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The Reference of Natural Kind Terms


Luis Fernández Moreno

This book deals with the main proponents of the causal and descriptivist reference theories on natural kind terms. The two main types of contemporary reference theories on natural kind terms are the causal and the descriptivist theories. The author analyzes the main versions of these two types of theories and claims that the differences between them are not as great as it is usually assumed. He alleges that the ostensive reference fixing and reference borrowing theories should be descriptive-causal, and he also adduces that the relation of kind-identity depends on the views on kind-identity and thus involves descriptive elements. This book is an important contribution to the debate on reference in contemporary philosophy of language and linguistics.

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Chapter 4: Kripke’s Reference Theory of Natural Kind Terms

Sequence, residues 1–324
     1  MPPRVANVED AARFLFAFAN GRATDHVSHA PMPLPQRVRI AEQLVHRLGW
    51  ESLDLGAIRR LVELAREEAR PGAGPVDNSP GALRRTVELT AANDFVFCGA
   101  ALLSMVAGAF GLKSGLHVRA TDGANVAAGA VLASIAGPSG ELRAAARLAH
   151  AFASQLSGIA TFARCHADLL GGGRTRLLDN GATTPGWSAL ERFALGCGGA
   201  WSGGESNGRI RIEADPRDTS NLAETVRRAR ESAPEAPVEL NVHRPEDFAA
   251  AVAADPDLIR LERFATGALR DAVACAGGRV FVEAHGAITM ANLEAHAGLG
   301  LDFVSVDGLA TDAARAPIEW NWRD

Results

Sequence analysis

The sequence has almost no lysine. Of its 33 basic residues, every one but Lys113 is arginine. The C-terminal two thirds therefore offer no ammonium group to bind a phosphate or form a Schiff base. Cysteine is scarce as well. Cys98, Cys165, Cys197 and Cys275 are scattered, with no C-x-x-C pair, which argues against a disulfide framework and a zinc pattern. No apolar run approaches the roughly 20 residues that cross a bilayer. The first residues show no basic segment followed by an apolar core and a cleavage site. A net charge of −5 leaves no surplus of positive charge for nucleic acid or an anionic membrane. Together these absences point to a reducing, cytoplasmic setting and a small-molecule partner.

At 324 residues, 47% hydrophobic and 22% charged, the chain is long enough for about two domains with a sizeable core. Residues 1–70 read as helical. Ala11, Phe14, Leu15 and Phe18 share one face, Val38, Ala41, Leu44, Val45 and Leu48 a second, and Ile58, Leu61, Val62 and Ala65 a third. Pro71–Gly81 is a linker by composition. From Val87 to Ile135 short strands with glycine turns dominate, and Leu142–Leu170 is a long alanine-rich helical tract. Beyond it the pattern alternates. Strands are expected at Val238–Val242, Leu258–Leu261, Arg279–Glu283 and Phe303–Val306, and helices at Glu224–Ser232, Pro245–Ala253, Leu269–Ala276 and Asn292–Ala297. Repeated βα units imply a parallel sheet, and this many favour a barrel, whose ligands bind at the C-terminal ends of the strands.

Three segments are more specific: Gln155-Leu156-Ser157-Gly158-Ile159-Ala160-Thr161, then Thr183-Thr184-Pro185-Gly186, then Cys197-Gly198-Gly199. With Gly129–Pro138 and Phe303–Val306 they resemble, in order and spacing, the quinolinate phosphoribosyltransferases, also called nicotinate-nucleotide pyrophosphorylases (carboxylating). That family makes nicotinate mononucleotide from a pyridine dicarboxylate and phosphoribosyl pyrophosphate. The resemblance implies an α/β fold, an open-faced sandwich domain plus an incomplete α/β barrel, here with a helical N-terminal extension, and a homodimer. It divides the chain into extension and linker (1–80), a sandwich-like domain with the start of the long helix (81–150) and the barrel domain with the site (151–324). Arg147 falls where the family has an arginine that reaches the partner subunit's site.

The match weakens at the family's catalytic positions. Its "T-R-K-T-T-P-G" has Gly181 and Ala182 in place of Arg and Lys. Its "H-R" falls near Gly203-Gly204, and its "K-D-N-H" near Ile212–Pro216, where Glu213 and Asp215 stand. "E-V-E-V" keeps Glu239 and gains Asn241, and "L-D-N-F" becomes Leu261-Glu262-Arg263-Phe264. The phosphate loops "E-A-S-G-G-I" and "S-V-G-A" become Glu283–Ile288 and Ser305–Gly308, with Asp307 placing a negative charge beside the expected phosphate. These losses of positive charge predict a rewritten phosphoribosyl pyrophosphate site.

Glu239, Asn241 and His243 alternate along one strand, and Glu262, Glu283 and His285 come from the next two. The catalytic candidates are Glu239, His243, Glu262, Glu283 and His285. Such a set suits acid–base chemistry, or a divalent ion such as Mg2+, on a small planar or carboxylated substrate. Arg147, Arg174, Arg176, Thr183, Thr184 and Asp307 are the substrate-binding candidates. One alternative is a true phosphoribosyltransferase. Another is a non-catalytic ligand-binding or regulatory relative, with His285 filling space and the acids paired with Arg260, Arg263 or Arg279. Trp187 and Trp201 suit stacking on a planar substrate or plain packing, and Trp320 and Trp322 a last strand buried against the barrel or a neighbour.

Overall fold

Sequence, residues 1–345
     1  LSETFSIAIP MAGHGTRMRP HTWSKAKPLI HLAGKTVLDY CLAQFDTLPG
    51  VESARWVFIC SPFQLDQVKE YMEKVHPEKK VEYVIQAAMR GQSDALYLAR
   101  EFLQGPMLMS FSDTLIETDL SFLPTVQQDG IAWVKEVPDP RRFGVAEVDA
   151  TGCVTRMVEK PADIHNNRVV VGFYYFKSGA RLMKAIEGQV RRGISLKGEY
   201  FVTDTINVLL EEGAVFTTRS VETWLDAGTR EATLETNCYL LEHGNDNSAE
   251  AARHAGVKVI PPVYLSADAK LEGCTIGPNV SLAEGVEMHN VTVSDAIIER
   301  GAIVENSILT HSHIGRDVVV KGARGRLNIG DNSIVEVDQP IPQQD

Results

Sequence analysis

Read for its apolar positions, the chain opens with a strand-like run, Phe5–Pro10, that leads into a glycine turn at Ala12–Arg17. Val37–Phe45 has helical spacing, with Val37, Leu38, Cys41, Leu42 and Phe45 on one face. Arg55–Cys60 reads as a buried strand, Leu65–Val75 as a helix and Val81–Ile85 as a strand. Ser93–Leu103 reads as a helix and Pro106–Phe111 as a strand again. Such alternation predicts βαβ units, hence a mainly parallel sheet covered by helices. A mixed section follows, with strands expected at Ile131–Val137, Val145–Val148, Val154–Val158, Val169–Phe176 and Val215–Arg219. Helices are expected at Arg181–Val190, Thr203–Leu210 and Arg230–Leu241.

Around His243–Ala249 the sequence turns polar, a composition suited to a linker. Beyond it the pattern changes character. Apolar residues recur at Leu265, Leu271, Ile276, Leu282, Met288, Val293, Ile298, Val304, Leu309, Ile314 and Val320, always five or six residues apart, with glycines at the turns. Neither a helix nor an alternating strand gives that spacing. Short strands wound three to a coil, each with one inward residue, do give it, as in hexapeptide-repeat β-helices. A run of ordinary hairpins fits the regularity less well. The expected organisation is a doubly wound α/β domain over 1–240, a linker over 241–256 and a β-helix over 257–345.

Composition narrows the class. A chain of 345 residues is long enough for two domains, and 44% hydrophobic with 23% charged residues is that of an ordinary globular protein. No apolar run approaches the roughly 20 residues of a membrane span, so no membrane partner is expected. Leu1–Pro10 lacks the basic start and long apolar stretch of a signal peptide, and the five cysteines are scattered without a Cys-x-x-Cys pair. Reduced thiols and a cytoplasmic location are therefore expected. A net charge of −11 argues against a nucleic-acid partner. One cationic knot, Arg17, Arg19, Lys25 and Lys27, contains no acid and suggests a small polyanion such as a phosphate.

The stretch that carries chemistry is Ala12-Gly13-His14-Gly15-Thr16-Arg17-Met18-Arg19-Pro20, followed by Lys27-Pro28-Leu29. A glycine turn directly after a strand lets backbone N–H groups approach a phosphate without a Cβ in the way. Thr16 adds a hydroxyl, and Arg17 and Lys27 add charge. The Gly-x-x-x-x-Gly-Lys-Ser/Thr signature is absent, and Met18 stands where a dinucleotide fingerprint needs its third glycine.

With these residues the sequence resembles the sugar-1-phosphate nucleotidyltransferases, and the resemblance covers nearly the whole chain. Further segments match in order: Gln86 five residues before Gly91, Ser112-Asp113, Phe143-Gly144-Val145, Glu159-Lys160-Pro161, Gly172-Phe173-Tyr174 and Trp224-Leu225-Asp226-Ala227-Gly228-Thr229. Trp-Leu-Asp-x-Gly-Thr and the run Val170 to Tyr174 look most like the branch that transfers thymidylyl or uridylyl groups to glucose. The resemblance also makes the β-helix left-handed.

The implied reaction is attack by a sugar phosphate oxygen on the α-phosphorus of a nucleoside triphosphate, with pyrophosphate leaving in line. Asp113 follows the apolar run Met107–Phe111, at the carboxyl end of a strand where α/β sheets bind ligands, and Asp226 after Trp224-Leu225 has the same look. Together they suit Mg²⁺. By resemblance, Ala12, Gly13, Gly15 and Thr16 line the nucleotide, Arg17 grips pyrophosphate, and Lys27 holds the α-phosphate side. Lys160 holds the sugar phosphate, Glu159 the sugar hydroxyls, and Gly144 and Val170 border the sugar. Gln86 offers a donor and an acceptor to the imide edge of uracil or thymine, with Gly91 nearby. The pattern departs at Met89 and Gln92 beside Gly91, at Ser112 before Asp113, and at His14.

4.1 Kripke’s “Picture”

A passage from Kripke (1980), quoted at the beginning of chapter 3 ended as follows: “The present view, directly reversing Frege and Russell […] disputes his view of general terms” (Kripke 1980: 134). In this passage Kripke claims that in Frege’s and Russell’s theories general terms are conceived as connotative terms or as terms that express a Fregean sense, understanding by this notion of sense that of “defining properties” (1980: 127) or that “given by a particular conjunction of properties” (1980: 135). The sort of general terms Kripke must be mainly taking into account in this claim are natural kind terms, since that passage is the continuation of the second one from (Kripke 1980) quoted in section 2.1. where the examples of general terms mentioned by Kripke when he deals with Mill’s theory of general terms are natural kind terms.

Kripke is one of the main advocates of the causal theory of reference of natural kind terms as well as one of the leading critics of the descriptivist theory; although he uses the denomination of “description theory” I will continue using for the sake of uniformity the first label (see the Introduction). However, many of Kripke’s considerations on natural kind terms in (1980) are secondary with respect to those on proper names. Only after having dealt with proper names in the first two lectures of (Kripke 1980) and having presented his reference theory – or as he says his “picture” of the reference...

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